After considerable advance speculation, the president has issued a new travel restriction order to replace most of the highly controversial and much-litigated temporary order issued in January and revised in March. It covers more countries (eight), including two that are not majority Muslim, and while its provisions vary by country, the travel restrictions are in most cases stricter. The new order does not cover refugees, though a separate order involving them is likely imminent. And the timing of the action could well make the pending Supreme Court review of the original order moot.
Unlike the very first order, which caused great chaos at airports and generated much fear about people lawfully in the United States being deported, the new order does not affect permanent legal residents or those with valid visas (e.g., student and employee visas), at least until such visas expire. The New York Times summarizes the impact by country:
The proclamation imposes the most severe restrictions on Syria and North Korea, which Mr. Trump says fail to cooperate with the United States in any respect. All citizens from those countries will be denied visas to enter the United States once the proclamation goes into effect.
Most citizens of Chad, Libya and Yemen will be blocked from emigrating to or visiting the United States because the countries do not have the technical capability to identify and screen their travelers, and in many cases have terrorist networks in their countries, officials said.
Officials said Somalia did, barely, meet the security standards set by the United States, but will still be subject to a ban on emigration and heightened scrutiny for travel because it is a safe haven for terrorists. Officials said that Iran was uncooperative and would be subject to a broad travel ban, but Mr. Trump made an exception for student and exchange visas.
In Venezuela, Mr. Trump restricted only the travel of government officials and their families, writing in the proclamation that the ban was focused on that group because they were “responsible for the identified inadequacies” in sharing information about travelers.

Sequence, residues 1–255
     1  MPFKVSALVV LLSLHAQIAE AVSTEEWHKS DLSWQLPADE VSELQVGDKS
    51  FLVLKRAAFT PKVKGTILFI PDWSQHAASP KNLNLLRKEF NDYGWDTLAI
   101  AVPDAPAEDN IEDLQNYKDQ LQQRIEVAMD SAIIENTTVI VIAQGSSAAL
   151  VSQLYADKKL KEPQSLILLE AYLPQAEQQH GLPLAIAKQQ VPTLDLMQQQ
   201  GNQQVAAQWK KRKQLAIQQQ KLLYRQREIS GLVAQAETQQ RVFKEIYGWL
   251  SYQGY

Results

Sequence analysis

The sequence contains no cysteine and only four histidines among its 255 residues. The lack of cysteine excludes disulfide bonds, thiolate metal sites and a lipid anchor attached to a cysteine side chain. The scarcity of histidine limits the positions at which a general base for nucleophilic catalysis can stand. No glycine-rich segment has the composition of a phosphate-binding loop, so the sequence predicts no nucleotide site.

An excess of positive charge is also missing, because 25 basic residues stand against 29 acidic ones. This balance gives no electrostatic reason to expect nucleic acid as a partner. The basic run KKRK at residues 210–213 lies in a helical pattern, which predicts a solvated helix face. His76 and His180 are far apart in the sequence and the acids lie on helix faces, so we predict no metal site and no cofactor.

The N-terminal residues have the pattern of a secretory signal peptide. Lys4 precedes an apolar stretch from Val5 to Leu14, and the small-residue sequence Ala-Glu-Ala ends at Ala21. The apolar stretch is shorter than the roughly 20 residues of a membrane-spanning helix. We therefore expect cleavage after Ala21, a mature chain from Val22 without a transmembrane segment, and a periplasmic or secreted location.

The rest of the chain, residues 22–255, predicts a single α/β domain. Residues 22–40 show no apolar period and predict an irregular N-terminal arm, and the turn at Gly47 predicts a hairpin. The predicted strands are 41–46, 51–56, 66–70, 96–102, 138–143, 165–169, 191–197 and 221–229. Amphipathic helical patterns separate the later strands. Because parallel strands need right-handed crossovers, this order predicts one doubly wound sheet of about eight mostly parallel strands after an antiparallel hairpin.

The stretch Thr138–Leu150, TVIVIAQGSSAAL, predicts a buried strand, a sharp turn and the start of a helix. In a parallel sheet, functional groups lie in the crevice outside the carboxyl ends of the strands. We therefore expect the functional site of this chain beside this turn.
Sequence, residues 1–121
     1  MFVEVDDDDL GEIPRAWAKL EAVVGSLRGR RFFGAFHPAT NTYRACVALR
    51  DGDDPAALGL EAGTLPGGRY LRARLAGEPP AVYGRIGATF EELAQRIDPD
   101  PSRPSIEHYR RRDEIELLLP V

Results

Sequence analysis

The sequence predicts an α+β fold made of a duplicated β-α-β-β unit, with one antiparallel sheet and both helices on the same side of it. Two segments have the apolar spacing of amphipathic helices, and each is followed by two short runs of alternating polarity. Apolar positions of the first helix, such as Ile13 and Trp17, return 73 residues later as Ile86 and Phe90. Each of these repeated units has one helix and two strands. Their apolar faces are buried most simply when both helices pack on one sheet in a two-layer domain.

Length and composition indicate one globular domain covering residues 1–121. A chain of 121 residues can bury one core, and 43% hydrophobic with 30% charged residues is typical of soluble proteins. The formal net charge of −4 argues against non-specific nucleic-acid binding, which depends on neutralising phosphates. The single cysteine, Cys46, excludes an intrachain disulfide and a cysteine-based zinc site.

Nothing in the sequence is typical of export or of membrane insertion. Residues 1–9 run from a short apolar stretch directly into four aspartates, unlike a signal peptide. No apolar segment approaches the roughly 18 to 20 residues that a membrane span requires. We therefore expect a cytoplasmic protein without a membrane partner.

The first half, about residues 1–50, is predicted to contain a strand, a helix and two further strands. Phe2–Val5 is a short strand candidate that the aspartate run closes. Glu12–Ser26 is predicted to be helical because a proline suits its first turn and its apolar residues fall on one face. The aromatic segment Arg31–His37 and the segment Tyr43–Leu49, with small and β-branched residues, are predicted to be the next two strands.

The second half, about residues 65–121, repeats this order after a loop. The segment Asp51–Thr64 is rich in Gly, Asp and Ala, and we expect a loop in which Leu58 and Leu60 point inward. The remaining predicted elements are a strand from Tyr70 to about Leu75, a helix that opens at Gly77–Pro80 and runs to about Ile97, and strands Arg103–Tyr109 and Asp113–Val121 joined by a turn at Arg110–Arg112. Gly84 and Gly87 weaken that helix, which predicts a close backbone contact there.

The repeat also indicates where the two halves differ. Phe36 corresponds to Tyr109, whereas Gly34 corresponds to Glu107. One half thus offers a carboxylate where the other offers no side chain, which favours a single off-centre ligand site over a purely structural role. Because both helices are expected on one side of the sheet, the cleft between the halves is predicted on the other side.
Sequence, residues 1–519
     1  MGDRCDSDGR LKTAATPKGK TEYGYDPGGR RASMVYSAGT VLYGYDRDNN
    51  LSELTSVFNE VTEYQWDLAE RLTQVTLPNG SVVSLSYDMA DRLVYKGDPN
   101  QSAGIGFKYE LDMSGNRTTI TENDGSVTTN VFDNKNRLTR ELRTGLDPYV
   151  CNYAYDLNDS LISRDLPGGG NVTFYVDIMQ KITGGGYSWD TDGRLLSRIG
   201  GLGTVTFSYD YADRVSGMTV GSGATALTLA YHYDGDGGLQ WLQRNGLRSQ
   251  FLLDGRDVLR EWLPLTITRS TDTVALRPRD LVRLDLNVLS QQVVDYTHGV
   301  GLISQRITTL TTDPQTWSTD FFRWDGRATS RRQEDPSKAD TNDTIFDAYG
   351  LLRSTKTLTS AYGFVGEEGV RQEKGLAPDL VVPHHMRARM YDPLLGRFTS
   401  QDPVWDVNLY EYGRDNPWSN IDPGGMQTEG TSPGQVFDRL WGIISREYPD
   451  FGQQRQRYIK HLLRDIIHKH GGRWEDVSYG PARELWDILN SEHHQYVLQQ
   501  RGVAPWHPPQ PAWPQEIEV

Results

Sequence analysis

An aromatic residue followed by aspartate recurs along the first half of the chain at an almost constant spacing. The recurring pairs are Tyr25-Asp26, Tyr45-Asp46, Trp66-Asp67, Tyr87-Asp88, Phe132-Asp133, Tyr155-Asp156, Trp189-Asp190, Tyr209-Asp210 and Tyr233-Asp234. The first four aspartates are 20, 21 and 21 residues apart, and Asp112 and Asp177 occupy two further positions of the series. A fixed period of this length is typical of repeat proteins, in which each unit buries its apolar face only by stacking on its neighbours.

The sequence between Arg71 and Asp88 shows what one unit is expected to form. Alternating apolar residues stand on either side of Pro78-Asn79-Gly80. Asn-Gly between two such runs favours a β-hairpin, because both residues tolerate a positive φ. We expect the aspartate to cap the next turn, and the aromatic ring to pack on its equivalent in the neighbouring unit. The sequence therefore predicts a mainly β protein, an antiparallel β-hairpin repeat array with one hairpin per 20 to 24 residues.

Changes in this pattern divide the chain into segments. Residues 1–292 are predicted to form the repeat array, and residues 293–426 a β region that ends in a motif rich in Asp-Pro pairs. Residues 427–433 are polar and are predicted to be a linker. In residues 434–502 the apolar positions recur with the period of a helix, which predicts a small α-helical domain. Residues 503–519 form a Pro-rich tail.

Of the countries on the original restriction list, Sudan has provided sufficient assurances to avoid inclusion in the new ban; Iraq was dropped in the March revision.
The order will be challenged in the federal courts very quickly, but the administration believes it has strengthened its case against the two most viable complaints about the original order. First, the restrictions are the product of an extensive country-by-country review of cooperation with U.S. requests for information on possible terrorist suspects, and of technical capabilities to screen travelers. So it is less likely to be vulnerable to a claim that the restrictions are not based on valid security concerns as required by federal law. And the addition of two non-Muslim countries (along with the exclusion of many majority-Muslim countries) will provide ammunition against the argument that the restrictions are a thinly veiled implementation of Team Trump’s calls for a clearly unconstitutional “Muslim ban” during and immediately after the 2016 elections.
On another much-disputed issue involving waivers from the travel ban for people with a close connection to U.S. citizens or entities, fresh litigation is entirely possible, according to Politico:
The new proclamation includes waivers available to foreigners with close family members in the United States and for some people seeking to come to the U.S. for work or to do business with U.S. firms, but if the courts allow the new directive to take effect the waiver may apply to a smaller set of relatives. A mere tie to a U.S. company or organization, such as a past relationship or a speaking invitation, might not be enough to qualify.
The Supreme Court, which was scheduled to hold oral arguments on cases involving the original travel ban on October 10, has now called off the the arguments and is asking the parties to file briefs on how to proceed now. The Court could proceed with a review of issues raised by the new and old restrictions alike, or let the lower courts deal with the new order first.
Another complication is that the earlier ban on refugees — allowed by the Supreme Court to stay in place with respect to all but those with immediate family members already in the U.S — remains in place until October 24. It is generally assumed the president will at some point release a new policy with respect to refugees, but the timing is uncertain.
Opponents of the earlier travel ban have been quick to denounce the new policies as similarly flawed:
“Six of President Trump’s targeted countries are Muslim. The fact that Trump has added North Korea — with few visitors to the U.S. — and a few government officials from Venezuela doesn’t obfuscate the real fact that the administration’s order is still a Muslim ban,” said Anthony D. Romero, the executive director of the American Civil Liberties Union.
That will likely remain the most contentious issue in the courts.